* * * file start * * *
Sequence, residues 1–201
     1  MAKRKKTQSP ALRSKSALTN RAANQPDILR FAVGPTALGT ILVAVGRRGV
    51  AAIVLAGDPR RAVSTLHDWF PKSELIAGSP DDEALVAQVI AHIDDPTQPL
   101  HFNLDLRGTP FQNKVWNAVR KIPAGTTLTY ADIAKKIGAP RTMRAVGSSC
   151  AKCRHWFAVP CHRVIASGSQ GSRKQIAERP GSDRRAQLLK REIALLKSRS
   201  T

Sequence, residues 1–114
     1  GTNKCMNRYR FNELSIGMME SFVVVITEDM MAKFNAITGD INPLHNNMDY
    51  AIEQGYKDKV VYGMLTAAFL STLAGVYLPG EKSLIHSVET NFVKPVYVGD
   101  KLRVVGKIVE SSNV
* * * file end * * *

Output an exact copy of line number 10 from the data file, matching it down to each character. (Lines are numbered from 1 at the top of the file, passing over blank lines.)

   101  KLRVVGKIVE SSNV